The process begins as the nuts and cages are manually loaded into a gravity feed track that leads to the pickup station. Using a magnetic fixture, the operator aligns and secures the angles on the welding table. Once set, the operator presses the control button to rotate the tabletop 180 degrees, positoning the angle in front of the robot. Simultaneously, the robot's articulated arm picks up the proper nut, transfers it to the table, and places it over one of several holds. The EPR-1000 then welds the encased nut to the angle with its two torches, which are positioned on either side of the gripper.
To maximize efficiency, the table is equipped with two sets of fixtures, allowing the operator to align and secure a second angle while the robot is welding nuts to the first. When the robot finishes welding, the operator again rotates the tabletop and replaces the assembly with a new angle, while the robot welds on the other side of the table.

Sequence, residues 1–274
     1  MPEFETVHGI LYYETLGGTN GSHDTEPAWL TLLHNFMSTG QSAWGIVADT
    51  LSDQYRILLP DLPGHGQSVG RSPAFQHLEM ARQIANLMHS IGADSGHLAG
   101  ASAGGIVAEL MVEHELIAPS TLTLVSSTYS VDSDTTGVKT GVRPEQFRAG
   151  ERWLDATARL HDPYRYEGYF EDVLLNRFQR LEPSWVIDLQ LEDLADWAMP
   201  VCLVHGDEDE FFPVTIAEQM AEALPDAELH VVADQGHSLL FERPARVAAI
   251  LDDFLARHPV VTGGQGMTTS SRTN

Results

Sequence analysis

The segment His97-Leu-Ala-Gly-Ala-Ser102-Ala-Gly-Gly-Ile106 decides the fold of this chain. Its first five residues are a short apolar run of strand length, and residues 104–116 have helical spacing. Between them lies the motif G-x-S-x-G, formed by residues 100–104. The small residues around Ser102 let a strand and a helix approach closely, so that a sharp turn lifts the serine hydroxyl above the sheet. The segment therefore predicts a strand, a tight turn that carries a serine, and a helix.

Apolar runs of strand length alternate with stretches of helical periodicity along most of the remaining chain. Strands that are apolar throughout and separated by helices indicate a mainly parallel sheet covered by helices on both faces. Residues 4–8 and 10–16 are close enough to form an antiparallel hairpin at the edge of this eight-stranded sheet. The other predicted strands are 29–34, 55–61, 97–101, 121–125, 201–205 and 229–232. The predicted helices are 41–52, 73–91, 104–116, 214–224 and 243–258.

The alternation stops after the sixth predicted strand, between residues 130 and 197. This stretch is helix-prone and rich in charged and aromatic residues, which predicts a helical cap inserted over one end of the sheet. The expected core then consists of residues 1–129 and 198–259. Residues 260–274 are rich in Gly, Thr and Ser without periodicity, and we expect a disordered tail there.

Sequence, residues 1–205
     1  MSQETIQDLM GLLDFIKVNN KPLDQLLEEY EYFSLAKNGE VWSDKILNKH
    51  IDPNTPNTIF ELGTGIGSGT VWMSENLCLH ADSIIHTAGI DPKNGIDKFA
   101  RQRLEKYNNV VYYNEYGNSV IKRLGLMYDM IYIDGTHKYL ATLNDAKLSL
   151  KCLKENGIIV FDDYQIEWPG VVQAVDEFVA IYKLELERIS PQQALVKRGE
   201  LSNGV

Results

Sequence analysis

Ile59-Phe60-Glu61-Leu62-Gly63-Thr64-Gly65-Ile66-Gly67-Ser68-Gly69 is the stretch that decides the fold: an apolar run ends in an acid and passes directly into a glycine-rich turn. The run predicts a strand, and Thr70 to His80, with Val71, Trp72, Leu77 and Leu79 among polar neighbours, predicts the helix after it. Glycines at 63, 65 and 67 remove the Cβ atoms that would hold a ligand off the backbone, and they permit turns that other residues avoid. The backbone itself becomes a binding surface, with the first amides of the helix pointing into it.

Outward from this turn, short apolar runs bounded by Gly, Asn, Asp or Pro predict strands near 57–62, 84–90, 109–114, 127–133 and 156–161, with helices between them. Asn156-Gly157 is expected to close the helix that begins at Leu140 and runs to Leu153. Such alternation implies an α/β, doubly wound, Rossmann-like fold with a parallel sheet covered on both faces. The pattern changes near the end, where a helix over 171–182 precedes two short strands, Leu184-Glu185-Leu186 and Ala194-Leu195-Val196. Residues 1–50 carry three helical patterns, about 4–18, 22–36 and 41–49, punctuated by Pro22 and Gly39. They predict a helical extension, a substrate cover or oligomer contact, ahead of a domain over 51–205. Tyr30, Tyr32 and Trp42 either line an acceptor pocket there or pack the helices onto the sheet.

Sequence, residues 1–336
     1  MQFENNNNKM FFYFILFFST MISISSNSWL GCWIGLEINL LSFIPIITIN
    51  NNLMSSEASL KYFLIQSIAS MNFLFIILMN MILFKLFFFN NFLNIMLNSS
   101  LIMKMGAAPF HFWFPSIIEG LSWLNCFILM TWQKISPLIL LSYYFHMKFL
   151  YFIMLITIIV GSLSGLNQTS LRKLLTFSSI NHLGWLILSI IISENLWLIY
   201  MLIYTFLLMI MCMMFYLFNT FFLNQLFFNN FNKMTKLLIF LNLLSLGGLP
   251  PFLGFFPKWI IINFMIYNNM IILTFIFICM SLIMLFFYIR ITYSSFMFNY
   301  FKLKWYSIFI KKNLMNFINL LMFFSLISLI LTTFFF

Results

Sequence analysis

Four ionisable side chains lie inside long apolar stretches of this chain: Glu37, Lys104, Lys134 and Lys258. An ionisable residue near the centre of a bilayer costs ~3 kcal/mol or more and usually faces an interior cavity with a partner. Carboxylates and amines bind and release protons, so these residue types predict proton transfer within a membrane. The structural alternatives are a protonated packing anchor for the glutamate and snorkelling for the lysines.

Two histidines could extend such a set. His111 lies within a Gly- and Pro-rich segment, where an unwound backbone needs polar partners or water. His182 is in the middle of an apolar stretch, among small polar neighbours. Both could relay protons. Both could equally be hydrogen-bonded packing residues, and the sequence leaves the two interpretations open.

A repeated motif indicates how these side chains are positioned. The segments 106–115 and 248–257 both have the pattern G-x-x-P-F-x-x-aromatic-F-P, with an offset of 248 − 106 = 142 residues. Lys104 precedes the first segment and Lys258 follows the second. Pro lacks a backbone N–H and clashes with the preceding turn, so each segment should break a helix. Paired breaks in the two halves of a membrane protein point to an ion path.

Before the robot was installed, a single operator manually welded each encased nut to the angles. Bill DeVenny, welding engineer at Case, cites the advantage of automating, "Production rates are up 30 percent and reject rates are down 10 percent."
As a result, Case is looking at additional applications. "Arc welding is our primary interest," says DeVenny. "In relation to this need, we will be examining the potential of machine vision as a means to automate even further. Robots are definitely a part of our future plans."
For more information about welding with robots, circle E61.
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|Publication:||Tooling & Production|
|Date:||Mar 1, 1985|